Tuesday 4 March 2014
Our Troubles End Tonight
I bought the Lucky Jim album Our Troubles End Tonight on a whim. I was wandering around Fopp on Rose Street in Edinburgh one lunchtime in 2004, probably just to get me out of the office at lunch time. It was one of those days that I was in for nothing in particular, back then and if I'm truthful even now I'm very loathed to leave a record shop without purchasing something. It seems to me to be a bit of a waste of time if you don't at least have something to take home after all that effort of browsing the shelves.
Anyway, I'm not quite sure why I bought this album, it was a new release and Fopp used to have a rack of these with complimentary reviews written next to them which very rarely correlated with the music that you ended up listening to. I do remember when I listened to the album back at my desk in the office I was rather taken a back as it was nothing like I expected to be. It was all acoustic guitar and sounded like a throwback to a time when John Martyn was still a bit of a folkie and his pal Nick Drake was still alive. It's an album full of stuff that certainly sign posted it's influnces , "You're Lovely To Me" is a kind of lightweight Dylan type thing which was later picked up and used to sell bread. You could imagine Scott Walker recording Leah and their is an excruciatingly limp hippy dippy track Lesbia. But all told not an unpleasant listen and a cd that I haveplayed more than a couple of times over the years. But certainly not the the sort of thing you would associate with Damien Harris' Skint label which released the album.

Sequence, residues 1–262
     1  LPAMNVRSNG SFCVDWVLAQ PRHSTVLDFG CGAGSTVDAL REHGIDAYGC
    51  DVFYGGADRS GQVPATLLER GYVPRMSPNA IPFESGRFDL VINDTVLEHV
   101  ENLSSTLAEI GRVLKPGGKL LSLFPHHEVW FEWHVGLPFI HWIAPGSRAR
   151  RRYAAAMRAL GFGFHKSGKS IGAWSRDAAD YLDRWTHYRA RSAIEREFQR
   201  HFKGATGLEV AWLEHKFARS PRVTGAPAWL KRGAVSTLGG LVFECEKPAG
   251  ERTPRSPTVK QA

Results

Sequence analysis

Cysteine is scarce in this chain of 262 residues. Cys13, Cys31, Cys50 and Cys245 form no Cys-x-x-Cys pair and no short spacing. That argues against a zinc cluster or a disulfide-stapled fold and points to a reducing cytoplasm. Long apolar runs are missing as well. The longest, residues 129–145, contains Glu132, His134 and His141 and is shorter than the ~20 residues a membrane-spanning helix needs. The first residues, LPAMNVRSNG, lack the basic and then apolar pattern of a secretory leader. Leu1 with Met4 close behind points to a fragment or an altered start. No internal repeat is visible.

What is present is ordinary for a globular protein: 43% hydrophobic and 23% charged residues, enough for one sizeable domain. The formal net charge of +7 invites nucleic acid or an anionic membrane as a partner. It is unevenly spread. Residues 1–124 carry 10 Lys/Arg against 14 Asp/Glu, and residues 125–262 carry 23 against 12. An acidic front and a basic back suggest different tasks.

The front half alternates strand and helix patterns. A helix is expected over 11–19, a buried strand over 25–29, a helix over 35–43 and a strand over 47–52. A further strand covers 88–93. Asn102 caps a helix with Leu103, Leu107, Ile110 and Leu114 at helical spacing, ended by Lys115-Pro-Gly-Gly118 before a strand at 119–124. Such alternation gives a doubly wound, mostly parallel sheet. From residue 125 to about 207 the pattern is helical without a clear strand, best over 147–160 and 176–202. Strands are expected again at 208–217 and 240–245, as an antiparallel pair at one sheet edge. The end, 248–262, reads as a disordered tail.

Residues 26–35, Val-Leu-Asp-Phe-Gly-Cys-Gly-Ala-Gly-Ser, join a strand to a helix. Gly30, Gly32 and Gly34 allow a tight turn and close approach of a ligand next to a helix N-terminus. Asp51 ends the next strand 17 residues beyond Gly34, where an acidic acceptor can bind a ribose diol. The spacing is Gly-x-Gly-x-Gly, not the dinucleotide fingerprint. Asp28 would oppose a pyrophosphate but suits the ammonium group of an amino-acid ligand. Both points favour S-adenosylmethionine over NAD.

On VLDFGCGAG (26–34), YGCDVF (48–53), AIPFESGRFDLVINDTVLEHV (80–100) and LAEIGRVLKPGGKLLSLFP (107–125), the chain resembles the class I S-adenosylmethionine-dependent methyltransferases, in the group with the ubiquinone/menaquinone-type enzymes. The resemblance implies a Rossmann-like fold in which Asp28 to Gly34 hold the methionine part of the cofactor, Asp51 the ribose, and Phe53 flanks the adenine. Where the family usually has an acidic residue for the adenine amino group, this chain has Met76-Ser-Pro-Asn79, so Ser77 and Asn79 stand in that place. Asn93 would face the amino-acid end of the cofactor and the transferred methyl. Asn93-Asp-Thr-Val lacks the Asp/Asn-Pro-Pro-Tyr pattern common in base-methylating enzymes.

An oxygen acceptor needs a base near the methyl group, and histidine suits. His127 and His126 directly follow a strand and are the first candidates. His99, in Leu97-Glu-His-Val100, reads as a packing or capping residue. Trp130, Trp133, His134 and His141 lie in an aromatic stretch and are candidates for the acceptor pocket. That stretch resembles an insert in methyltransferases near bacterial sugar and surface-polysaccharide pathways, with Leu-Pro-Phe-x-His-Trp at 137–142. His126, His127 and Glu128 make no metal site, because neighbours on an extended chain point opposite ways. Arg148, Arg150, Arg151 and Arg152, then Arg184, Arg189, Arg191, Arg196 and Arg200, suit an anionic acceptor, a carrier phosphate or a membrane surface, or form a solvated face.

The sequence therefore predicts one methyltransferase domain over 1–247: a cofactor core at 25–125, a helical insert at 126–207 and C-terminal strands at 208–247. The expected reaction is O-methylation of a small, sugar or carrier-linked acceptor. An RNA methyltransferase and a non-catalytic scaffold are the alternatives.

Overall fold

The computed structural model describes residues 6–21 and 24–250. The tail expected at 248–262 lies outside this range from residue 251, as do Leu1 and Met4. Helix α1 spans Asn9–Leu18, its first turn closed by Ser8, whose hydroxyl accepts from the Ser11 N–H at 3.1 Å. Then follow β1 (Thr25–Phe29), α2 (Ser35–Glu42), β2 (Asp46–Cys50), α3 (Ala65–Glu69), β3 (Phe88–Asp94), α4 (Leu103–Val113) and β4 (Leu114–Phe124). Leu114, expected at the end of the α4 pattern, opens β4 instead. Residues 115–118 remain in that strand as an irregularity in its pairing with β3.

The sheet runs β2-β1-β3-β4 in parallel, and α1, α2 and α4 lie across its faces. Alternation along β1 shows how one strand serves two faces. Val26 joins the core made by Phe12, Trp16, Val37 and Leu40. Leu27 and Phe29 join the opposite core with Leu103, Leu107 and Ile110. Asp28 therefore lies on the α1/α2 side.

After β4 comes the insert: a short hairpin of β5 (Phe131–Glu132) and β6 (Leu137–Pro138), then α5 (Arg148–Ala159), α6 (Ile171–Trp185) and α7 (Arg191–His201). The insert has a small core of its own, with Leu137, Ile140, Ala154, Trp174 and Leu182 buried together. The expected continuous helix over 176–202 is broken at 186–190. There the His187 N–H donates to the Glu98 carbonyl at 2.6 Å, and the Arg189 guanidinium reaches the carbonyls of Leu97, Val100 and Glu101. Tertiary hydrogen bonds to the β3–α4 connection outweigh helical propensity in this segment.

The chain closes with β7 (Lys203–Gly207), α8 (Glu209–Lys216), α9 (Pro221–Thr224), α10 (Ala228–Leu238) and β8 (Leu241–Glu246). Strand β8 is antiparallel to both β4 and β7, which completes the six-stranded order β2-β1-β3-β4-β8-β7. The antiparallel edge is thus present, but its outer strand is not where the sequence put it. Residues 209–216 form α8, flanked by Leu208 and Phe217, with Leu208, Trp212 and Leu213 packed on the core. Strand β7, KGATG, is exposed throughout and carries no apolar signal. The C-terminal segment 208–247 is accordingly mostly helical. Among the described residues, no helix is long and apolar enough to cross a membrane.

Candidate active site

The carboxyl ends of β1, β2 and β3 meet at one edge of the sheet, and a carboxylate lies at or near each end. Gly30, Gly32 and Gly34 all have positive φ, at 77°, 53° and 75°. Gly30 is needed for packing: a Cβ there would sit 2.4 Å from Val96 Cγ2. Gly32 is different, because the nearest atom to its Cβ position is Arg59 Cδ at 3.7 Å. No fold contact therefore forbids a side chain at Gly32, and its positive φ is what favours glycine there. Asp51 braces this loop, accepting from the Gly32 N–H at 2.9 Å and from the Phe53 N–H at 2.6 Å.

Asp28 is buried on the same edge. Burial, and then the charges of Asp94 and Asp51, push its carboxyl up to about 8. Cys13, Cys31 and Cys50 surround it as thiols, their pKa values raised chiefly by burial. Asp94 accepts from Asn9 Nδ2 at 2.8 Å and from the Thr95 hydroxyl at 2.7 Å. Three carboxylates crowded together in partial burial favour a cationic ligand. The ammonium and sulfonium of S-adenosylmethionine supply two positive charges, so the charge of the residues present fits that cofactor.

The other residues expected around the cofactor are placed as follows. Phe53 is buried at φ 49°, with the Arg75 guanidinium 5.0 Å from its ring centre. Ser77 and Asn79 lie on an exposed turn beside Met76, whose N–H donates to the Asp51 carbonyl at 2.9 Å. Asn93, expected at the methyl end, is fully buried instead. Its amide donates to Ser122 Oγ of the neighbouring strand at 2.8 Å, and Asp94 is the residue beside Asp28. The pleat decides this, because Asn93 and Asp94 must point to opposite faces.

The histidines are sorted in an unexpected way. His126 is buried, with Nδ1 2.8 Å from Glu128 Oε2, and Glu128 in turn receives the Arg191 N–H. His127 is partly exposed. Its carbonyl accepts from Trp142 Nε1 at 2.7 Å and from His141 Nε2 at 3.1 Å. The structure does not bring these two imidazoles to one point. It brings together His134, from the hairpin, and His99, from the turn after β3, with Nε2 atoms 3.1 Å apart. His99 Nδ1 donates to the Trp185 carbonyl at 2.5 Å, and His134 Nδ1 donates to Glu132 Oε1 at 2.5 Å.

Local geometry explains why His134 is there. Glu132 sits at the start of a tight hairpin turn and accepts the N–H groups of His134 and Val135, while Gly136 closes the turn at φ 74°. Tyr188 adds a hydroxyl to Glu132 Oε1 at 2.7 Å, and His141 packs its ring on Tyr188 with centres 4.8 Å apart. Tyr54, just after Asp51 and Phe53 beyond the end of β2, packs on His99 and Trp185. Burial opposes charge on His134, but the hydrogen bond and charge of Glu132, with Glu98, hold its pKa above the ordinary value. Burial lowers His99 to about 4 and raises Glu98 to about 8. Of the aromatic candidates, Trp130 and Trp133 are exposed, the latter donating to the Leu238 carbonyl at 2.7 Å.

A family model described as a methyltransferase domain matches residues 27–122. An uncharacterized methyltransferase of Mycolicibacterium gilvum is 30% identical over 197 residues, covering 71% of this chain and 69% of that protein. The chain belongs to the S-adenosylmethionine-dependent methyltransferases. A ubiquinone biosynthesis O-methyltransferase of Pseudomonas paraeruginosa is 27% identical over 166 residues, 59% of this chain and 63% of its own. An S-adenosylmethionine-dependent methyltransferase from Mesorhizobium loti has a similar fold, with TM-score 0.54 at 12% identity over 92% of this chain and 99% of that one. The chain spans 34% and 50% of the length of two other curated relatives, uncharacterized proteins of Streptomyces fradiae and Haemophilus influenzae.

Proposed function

The album is certainly worth a listen. I feel sorry for Gordon Grahame as James Blunt has built a successful career and shifted millions of records on a vastly inferior version of this kind of thing.
By far my favourite track is the duet with Heather Banks on The Honeymooners which has echoes of Leonard Cohen and Lee Hazelwood but brings to mind Past, Present and Future by the Shangri-Las to me for some reason.
Lucky Jim - The Honeymooners